This Film Is Not Yet Rated

Kirby Dick is a gutsy documentarian who has tackled controversial issues, such as S&M relationship in “Sick” and pedophilia in “Twist of Faith.” In “This Film Is Not Yet Rated,” using the same risky approach and guerrilla style, Dick presents an inquiry of the notoriously secretive and morally dubious methods of the Ratings Board, which operates under the auspices of the Motion Picture Association of America (MPAA).

This incendiary attack on the Classification and Ratings Administration (CARA), whose board is an unregulated organization, played at Sundance Festival in the Premiere section in January, and is now getting theatrical release courtesy of IFC. Hopefully, the docu will provoke intelligent debate and some constructive proposals for reform.

Who are America's moral gatekeepers, endowed with the power to determine what we and our children see (or don't see), and in what version and length The Board's operations have been veiled in secrecy and anonymity, and the MPAA has refused to identify the members of its de-facto censorship group.

According to the docu, the members have no apparent qualifications other than being “average parents,” yet they have the power to prevent films from reaching certain audiences; one participant goes as far as to claim that by its very existence, CARA prevents some films from being made.

Though raising issues that have not been addressed before, ultimately, this critical yet highly entertaining docu leaves out other significant issues (see below). Moreover, “This Film” neglects the broader context of rating and doesn't propose a viable alternative to its central issue, one that will be acceptable to parents, filmmakers, educators, and administrators.

On the plus side, Dick is relentless in identifying the individuals who pass judgment on the “suitability” of America's movies for different age groups. Following the format of a thriller, he hires a female private investigator named Becky Altringer, who works with her partner Cheryl and the latter's daughter Lindsey.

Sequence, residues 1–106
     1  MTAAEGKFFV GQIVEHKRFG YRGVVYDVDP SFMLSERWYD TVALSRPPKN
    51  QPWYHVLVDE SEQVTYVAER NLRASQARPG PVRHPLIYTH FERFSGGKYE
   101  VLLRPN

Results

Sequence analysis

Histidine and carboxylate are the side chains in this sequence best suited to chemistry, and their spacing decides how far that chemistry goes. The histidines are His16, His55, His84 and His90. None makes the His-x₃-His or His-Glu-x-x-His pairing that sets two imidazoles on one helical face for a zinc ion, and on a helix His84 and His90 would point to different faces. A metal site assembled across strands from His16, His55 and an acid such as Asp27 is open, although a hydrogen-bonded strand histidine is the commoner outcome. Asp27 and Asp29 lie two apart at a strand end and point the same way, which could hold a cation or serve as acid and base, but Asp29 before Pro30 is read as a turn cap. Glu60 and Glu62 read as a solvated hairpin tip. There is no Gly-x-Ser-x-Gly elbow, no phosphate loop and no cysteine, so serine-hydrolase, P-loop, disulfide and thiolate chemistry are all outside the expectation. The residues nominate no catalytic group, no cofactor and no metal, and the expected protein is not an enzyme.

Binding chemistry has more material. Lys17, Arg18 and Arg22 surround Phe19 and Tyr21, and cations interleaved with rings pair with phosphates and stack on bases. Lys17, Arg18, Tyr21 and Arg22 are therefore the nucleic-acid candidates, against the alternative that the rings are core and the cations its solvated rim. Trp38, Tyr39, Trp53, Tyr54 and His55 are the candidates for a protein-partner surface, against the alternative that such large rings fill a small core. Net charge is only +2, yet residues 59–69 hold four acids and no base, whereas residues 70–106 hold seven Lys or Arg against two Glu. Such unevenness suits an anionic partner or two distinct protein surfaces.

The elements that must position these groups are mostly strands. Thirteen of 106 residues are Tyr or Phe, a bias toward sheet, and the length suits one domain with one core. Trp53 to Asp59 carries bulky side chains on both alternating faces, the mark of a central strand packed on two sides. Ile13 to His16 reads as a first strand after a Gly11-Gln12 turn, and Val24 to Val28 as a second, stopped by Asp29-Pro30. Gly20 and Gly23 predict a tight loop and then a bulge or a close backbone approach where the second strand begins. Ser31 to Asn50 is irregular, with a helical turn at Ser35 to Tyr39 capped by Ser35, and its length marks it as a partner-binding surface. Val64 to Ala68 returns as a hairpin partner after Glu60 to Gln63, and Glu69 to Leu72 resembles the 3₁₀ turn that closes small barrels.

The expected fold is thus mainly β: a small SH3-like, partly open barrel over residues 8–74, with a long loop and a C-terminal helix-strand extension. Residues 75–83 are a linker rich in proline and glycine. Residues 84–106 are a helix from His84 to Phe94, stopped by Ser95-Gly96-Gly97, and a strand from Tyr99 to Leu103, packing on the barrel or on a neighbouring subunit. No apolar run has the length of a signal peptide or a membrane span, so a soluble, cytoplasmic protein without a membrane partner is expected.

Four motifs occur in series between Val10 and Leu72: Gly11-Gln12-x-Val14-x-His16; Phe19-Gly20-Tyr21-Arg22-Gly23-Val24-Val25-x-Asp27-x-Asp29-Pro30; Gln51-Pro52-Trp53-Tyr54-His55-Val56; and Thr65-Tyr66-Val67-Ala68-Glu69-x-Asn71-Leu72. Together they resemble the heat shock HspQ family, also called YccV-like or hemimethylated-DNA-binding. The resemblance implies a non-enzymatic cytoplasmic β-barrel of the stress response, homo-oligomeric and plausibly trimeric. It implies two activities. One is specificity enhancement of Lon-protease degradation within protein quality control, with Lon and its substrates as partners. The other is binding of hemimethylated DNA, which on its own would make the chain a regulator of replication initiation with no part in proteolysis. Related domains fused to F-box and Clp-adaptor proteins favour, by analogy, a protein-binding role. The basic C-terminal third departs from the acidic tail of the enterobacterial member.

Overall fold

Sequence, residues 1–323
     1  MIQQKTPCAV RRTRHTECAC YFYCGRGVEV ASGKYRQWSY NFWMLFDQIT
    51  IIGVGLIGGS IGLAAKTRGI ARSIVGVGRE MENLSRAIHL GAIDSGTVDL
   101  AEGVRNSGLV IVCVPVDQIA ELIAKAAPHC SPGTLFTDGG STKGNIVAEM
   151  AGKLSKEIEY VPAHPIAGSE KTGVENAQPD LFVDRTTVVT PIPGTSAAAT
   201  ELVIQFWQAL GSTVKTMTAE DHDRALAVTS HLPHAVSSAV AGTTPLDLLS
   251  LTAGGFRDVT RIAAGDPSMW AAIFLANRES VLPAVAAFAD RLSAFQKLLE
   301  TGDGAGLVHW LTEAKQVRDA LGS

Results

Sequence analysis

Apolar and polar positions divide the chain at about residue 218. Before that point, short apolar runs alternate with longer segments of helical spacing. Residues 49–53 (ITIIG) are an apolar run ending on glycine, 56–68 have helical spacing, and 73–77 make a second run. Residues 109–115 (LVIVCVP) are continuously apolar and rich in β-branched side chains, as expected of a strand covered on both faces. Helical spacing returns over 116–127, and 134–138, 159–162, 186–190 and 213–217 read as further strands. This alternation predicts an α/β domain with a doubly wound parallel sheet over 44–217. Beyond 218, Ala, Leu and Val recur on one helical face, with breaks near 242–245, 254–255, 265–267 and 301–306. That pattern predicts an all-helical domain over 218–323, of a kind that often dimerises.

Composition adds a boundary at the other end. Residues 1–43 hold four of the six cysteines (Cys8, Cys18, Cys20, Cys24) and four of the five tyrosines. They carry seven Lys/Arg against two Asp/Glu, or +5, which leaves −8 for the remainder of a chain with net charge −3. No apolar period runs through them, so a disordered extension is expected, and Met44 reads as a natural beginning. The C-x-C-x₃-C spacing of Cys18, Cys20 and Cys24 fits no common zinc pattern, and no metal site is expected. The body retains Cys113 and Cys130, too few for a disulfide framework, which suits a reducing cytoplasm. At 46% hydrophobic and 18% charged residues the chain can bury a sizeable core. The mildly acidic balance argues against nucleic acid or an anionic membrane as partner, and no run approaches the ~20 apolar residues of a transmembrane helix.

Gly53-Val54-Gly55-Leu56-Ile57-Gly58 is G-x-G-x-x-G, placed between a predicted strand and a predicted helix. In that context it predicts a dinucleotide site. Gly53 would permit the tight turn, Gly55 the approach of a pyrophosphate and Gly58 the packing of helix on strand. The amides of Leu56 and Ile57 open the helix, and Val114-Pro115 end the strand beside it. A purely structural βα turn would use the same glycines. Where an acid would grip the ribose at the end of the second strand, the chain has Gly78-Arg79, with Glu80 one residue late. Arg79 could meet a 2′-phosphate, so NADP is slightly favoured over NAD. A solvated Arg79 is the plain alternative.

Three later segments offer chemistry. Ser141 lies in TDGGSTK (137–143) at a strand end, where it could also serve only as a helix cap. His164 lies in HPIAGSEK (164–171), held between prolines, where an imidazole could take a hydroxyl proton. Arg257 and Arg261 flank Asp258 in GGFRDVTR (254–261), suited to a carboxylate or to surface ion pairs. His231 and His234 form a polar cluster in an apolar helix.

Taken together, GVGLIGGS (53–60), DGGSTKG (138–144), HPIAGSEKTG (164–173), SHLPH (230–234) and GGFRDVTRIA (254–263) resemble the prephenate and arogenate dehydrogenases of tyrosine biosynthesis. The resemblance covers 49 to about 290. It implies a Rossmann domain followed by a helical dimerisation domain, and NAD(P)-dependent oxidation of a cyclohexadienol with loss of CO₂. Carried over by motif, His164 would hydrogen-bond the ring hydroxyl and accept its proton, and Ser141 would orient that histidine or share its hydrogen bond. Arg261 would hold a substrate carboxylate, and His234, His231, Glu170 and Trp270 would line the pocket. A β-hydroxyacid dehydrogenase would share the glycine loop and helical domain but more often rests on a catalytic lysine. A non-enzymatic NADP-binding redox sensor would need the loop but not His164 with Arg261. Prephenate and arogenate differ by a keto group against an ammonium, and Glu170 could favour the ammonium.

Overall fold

This team sets up surveillance outside the MPAA's Headquarters on Ventura Boulevard in Encino, observing traffic as it comes and goes. In their efforts, they struggle to read license plates, follow the office workers to lunch dates, and are not above eavesdropping or digging into garbage cans late at night. There's an element of fun for us in observing how, when they get a glimpse of the staff roster hanging in a guard station, the names start to fall into place.

For the most part, though, Dick dwells in a lively manner on a selective survey of MPAA ratings scandals over the years, while using witty animation and anecdotes related by disenchanted filmmakers whose films have been cut (butchered) for one reason or another by the ratings board.

Most of Dick's charges are well taken. The MPAA insists on keeping its rating board members anonymous, to protect them from undue pressure and influence. Question is: Do filmmakers and moviegoers have the right to know who is rating our films

And what are the members' qualifications Valenti claims that they are “average parents, a claim that can be dismissed as “convenient myth.” Is there such a thing as average parent An aggregate of adults in the San Fernando Valley can hardly represent parents nationally. Later investigation reveals that, contrary to MPAA assertions, the children of many of these raters are not youngsters any more.

A more significant claim is that the raters receive no training and are given no standards by which to judge movies. Experts in child psychology, mass media, or social behavior are neither consulted nor allowed to be on the board.

One of the major complaints comes from the indie sector, as former October Films founder Bingham Ray says: “The system is set up to favor the studios.” “South Park” producer Matt Stone notes the differences he experienced coming before the board as an indie and then as a studio filmmaker. As a studio filmmaker, he received detailed instructions how to change an NC-17 film into manageable system for labeling movies with adult content.

“Boys Don't Cry” director Kimberly Peirce voices the familiar charge of “double standards” when it comes to sex and violence. The board is lenient toward violence, probably due to the fact that the genre appeals to young male audience, the largest, most active segment of American moviegoers. On the other hand, the Board is extremely rigid about sex in general and female climaxing in particular.

Board decisions reveal a strong middle-class, male, heterosexual bias. The board has determined that female orgasms in certain films go on “too long,” and it comes down hard on shots of female pubic hair.